Powderpost beetle problem
February 18, 2021 | 3:45 pm CST

My incoming email box this last month was full of questions about the powderpost beetle and its holes in kiln dried wood, and bamboo too. So let’s put everything we know about this pest in one place.

Name of insect

There is only one insect, other than the termite, that is able to survive in kiln-dried, low moisture content (7 percent MC) hardwood: The lyctid powderpost beetle. There are other PPBs, but the lyctid is the only one in dry hardwoods, so always include this “lyctid” name in your discussions.


This insect, after living on the wood for a year or so, matures into a flying insect at the end of its life cycle. It burrows a hole about 1/32 to 1/16 inch in diameter, moves to the outside and then looks for a mate to breed. The dust (technical name is frass) pushed out of this exit hole is extremely fine. So, if we see these small holes and frass appears that wasn’t there yesterday, we can be quite sure that we have living lyctid PPB.

It is rare to find the insect as it does not like light, but if you find one, one characteristic is that it has two “antenna” that look like there is miniature club on the end. The insect itself is quite small (1/16 to 3/16 inches long) and is not a good flier (compared to mosquitos).

Life cycle

Once the male and female mate, outside of the wood, probably in wood dust or other debris on the floor, the female looks for small holes or devices in the wood (this means red oak and ash are ideal with their open pores) to lay her 10 to 50 eggs. She has a special, long tube that extends from the rear of her body into the holes or nooks and crannies that she finds, so the eggs are well protected just under the surface. Really smooth wood with fine pores (e.g., soft maple) or wood with a finish on it does not have the nooks she needs.

In about 10 days (times vary with the temperature mainly; they are active between 60 F to 105 F, with 90 F being best), the eggs hatch and a little ¼ inch long, cream-colored worm, called a larva, appears. The larva then eats small tunnels in the wood for food; preferred moisture is 7 to 15 percent MC. After maybe 10 to 36 months (12 months seems common) of making these small tunnels, the larva pupates (turns into a pupa, which looks more like an insect than a worm) and burrows to the surface, probably not eating the wood anymore, where it emerges as a full grown insect. At this point, breeding is the insect’s goal, followed by death.


Once you see the exit holes, it is likely too late to control the initial infestation. Further, although the holes indicate the insect has left the wood, there are likely other larva and pupa in the wood that are not yet burrowing to the surface.

Hence, using an insecticide spray or powder will not stop those still deep inside the wood. An insecticide might control future infestations, but then only if it gets into the holes where the eggs are laid.

Fumigating the wood with a very powerful gas is possible, but is expensive and cannot be done safely without fancy equipment.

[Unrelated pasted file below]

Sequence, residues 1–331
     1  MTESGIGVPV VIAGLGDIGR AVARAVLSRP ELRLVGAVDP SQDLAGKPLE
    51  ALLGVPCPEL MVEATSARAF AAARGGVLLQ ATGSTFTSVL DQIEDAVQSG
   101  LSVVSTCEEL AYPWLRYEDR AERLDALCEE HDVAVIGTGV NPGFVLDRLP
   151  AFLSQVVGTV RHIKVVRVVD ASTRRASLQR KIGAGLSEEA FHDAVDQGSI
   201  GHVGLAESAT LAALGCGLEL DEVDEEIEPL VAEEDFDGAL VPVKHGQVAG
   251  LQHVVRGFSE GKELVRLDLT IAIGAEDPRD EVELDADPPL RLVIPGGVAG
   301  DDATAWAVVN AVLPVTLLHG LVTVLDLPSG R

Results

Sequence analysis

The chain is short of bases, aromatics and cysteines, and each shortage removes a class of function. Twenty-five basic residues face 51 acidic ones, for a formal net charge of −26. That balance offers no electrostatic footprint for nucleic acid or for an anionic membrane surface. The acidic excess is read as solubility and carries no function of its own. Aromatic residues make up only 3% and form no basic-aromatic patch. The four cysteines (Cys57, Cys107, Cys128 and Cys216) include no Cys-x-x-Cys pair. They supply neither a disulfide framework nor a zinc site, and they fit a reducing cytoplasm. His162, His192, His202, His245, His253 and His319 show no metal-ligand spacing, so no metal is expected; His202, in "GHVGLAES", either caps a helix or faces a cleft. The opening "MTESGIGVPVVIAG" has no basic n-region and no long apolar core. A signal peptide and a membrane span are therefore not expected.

So, the only practical control is to kill the insects, eggs, larvae and pupae with heat. Research from years ago showed that 133 F throughout a piece of wood was adequate. However, it seems that the USDA is now requiring 160 F throughout the wood imported into the U.S.

The air temperature must be 20 F hotter than 130 F or 160 F, whichever standard you are targeting, in order to achieve the target temperature in a reasonable length of time. The time at the required temperature varies, with some rules indicating 10 minutes and some indicating 75 minutes. The National Hardwood Lumber Assn. is a good source for the latest information.


It is key to understand that almost every dry kiln will use 160 F as the hottest temperature for several days, so when the wood leaves the kiln, the wood is “sterilized.” However, once the wood is heated to 133 F, or 160 F, it is not protected from future infestations. So, how do we prevent an infection after the lumber leaves the kiln? The key to having zero risk of lyctid PPB is to prevent the insect from getting anywhere close to this sterilized lumber.

Because of the time delay between the eggs being laid and the insect making the exit hole, it is possible that any porous, hardwood lumber adjacent to the infected lumber with exit holes is likely infected: we won’t know for a year! So, prevention is the real cure for avoiding lyctid PPB infections.

The main source of the lyctid PPB that will infect freshly dried lumber is other lumber or wood. This includes any hardwood or bamboo dried by someone else, with tropical wood or bamboo being a common, but not the only source. The source also includes dust and debris as well as lumber. I have seen a PPB infection spread from wood stored or left as junk outside a building (closer than 30 to 50 feet perhaps) that has KD lumber inside. Think clean!

Once the wood is heated to 133 F, or 160 F, it is not protected from future infestations. Therefore, any stickers or bolsters (4x4s, etc.) must also have been in the kiln immediately before every use. Even hardwood dunnage used for shipping needs to be heated just before use. The storage area for lumber leaving the kiln must be free of debris…use a vacuum.


Prevention by avoiding contact of “sterilized” KD lumber with infected lumber is the key. When infections do occur, heat is the most practical way to stop additional damage and spread. ✚


Gene Wengert, “The Wood Doctor” has been training people in efficient use of wood for 35 years. He is extension specialist emeritus at the University of Wisconsin-Madison.

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Gene Wengert

Gene Wengert, “The Wood Doctor” has been training people in efficient use of wood for 35 years. He is extension specialist emeritus at the University of Wisconsin-Madison.